Heather Gomes, M.D. Otolaryngologist
Ear infections are most common during the cold and flu season. Some inflammation or obstruction of the nose blocks the station tube in the back and fluid builds up in the ear and sometimes that fluid in the ear drum can get infected.
Fairly common in children under 2 years of age but can continue throughout childhood and some have problems that persist in adulthood.
Often kids will develop a fever, ear pain where they are pulling or yanking on the ear, irritable, fussy, not eating or drinking well, not sleeping well, sometimes they will get drainage out of the ear that is yellow or foul smelling. In adults, it's ear pain, usually the ear feels full, they don't hear well, they can have a fever.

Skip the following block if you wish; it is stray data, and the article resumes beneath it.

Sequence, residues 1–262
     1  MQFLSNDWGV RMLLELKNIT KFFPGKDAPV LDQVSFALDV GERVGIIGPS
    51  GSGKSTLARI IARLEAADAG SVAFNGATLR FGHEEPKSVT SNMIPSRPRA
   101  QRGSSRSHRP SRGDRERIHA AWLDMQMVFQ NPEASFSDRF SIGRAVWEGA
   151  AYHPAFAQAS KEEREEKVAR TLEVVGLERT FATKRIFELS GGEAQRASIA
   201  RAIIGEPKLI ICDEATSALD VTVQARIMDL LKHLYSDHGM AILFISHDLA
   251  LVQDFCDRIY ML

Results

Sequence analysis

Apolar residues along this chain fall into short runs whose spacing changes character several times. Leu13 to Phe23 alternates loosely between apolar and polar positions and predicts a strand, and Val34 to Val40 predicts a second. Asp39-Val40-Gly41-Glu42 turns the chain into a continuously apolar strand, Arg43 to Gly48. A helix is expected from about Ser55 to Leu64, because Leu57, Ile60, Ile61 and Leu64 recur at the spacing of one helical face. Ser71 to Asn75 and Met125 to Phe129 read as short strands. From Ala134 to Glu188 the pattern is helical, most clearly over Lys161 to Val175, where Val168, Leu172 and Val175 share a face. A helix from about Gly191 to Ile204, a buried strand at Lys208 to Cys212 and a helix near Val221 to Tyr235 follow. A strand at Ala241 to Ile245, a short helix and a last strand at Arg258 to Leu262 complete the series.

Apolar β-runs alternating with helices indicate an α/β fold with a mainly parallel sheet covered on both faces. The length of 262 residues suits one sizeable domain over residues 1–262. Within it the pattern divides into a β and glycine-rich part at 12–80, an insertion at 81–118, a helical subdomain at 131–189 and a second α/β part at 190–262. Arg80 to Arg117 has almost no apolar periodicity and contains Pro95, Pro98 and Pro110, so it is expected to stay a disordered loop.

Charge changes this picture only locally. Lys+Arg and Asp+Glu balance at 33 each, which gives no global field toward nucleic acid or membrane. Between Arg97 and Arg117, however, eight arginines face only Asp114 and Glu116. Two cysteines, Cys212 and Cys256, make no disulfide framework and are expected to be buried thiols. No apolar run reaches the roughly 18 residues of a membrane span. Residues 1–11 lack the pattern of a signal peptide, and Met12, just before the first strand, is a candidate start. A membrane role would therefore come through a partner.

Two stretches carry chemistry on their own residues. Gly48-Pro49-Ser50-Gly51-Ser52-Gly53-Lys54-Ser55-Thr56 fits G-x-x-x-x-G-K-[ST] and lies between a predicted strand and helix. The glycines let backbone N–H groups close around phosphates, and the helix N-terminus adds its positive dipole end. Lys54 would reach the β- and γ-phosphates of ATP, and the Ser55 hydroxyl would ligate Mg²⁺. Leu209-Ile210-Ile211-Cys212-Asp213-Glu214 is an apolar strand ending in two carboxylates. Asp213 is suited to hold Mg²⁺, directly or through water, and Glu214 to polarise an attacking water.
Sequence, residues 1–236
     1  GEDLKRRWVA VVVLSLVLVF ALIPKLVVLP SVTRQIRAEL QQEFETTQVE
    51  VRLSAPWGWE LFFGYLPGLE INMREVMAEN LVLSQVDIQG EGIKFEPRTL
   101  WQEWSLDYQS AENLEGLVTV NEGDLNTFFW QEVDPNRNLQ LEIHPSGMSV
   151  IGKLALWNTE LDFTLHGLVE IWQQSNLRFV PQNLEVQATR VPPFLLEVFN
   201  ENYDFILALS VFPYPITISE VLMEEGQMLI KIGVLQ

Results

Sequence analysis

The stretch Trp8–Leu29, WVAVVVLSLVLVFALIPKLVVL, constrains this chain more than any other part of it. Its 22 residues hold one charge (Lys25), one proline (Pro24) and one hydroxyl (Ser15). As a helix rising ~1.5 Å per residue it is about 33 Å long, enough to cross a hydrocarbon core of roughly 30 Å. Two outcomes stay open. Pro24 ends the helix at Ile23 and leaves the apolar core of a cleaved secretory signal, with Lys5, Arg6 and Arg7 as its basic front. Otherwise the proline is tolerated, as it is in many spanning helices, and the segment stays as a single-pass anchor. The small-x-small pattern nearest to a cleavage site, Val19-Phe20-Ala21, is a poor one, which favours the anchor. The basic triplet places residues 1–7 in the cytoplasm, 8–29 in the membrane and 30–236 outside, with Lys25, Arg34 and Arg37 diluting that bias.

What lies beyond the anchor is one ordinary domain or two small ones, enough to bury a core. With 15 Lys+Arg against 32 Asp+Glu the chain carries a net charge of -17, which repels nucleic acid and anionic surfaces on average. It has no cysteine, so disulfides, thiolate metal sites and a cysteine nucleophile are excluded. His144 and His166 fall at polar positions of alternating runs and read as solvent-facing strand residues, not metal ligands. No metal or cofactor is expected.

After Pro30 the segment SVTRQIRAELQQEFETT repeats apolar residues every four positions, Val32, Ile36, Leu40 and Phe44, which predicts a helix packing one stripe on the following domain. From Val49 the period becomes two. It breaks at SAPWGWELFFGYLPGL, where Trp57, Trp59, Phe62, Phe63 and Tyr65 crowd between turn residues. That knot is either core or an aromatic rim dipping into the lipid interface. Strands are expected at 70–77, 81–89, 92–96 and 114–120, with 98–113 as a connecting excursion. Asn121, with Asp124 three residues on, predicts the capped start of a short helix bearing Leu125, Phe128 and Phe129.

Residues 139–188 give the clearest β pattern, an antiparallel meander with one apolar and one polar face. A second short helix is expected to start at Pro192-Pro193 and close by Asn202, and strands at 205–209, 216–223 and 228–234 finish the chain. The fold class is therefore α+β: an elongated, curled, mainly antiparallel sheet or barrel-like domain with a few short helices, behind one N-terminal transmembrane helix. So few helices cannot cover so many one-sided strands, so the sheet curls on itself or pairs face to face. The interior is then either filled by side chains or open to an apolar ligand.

Often ear infections will clear with antibiotics. If there is concern for hearing loss, persistent fluid, then for a sheer number of infections, placing ear tubes or pressure equalizing tubes is another option. They decrease the number of infections and the pain and symptoms that go along with each ear infection.
Very frequent or recurrent ear infections, such as getting 4-6 ear infections a year. Any concern for hearing loss or speech delay should prompt at least a basic hearing evaluation. The sooner you catch it, the better it is for the child and the quicker you can restore their hearing back to normal if possible.
Ear infections are a common problem for children and adults. Dr. Heather Gomes, Board Certified Otolaryngologist at Boys Town Ear, Nose & Throat Institute, explains the symptoms of an ear infection, the treatment options and when you should consult an ENT physician.